A parent may say, “You need to stop listening to that bad music.” I remember the fights over what music was acceptable in our home when I was a teen. Those fights still go on in homes today, but it is different now. Rather than just a “generation gap” thing over what “good” music is, teenagers today can feel that it is a direct attack on their sense of belonging. Their shared musical experience allows them to fit in with their group, and if it is threatened or taken away, they will respond in defensiveness out of fear of losing their connectedness. They’ll actually feel as if it as an attack on them personally, not just their musical tastes.

It’s really helpful to understand the reason behind the response you may get from your teen when it comes to music, how they look, or some other issue. They are not thinking about the values and principles you hold dear; they are simply worried about not fitting in anymore with their friends. They’re protecting themselves from being on the receiving end of jokes and ridicule from their peers. So I encourage you to understand the nature of the battle that’s being fought.

It may well be a cut and dried case that what they are doing is morally wrong. And I’m not saying your effort to put a stop to it is wasted, or that you should accept whatever will help them fit in. I’m saying that to be truly effective in helping your teen walk the right path, you need to establish a relationship (because that’s what they are desperately looking for). Your relationship will fill the void that is driving them to seek acceptance elsewhere. Through that relationship you’ll be able to share in a more meaningful way why those things their peers are doing or promoting are wrong. After all, unlike younger kids, teenagers are beginning to reason, so they need to know the “why’s” not just the “thou shalt not’s.”

There are at least five things you can offer your child that no peer can match. Let me share these with you, and encourage you to begin making these vital connections using your unique resources as a parent.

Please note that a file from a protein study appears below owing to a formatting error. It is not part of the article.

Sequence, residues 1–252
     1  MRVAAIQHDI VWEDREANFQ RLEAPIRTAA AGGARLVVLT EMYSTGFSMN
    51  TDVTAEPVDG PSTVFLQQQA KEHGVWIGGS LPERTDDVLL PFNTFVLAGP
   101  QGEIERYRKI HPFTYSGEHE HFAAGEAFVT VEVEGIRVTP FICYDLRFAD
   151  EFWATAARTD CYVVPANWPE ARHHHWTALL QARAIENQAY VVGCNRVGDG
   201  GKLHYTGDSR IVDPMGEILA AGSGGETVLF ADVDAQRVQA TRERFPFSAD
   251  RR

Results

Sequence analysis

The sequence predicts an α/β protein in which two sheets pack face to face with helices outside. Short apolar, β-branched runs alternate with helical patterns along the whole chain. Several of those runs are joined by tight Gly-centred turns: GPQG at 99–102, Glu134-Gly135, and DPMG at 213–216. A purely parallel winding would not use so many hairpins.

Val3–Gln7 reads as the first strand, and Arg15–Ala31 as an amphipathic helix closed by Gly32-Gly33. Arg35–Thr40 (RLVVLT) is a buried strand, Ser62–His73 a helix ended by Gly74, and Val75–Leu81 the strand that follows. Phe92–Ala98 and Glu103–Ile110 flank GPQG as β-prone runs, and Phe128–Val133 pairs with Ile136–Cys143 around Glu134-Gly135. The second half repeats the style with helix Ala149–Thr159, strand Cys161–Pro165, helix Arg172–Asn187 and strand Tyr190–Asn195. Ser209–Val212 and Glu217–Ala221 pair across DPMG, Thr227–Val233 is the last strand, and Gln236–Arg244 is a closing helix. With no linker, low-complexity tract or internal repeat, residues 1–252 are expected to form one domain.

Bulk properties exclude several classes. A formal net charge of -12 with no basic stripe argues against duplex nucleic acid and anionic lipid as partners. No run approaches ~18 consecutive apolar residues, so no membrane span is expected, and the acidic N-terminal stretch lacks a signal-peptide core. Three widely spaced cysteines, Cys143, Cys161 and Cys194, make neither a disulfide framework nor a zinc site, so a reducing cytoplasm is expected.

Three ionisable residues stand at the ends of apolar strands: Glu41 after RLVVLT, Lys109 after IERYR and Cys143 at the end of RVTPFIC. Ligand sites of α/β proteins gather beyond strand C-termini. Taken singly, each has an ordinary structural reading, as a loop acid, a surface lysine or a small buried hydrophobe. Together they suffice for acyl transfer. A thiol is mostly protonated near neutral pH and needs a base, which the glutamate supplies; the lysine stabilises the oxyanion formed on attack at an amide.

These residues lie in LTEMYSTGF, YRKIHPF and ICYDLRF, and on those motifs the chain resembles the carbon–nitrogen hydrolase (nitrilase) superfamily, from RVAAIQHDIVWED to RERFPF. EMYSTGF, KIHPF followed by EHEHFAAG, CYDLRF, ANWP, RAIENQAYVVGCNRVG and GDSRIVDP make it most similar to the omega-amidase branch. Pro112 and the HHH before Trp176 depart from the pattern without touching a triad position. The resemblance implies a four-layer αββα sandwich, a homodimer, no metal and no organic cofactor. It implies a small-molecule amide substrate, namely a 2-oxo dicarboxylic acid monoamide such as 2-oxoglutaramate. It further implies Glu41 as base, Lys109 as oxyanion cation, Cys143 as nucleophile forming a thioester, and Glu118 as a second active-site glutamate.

1. Unconditional Acceptance – no friend can provide the depth of unconditional acceptance a parent can.

2. Value – only you can affirm that they have innate value, no matter what they do or how they look.

3. Wisdom – your teen will learn to value your wisdom if it is shared in discussions, not in lecturing.

4. Experience – you’ve been through many of the same things they are facing and can help them get through it.

5. Time – you have more time with them, and time is the crucial ingredient in building relationships that matter.

Research shows the presence of a strong family relationship is one of the most important elements that builds resiliency—the ability to resist negative peer pressure—in teens. You can’t change a teenager by controlling them. You can only affect lasting change by touching their heart. So, spend time together. Talk to your children. Even more importantly, listen to them.

Peer pressure doesn’t justify bad behavior. But by understanding the enormous influence it has on our teens, we can try to understand and prepare them ahead of time to resist those bad influences. Whether your child is four or fourteen it is never too late to start building a strong relationship that will help them do right even if their friends don’t.

Mark Gregston is an author, speaker, radio host, and the founder and director of Heartlight, a therapeutic boarding school located in East Texas. Call 903-668-2173. Visit http://www.heartlightministries.org, or to read other articles by Mark, visit http://www.markgregston.com.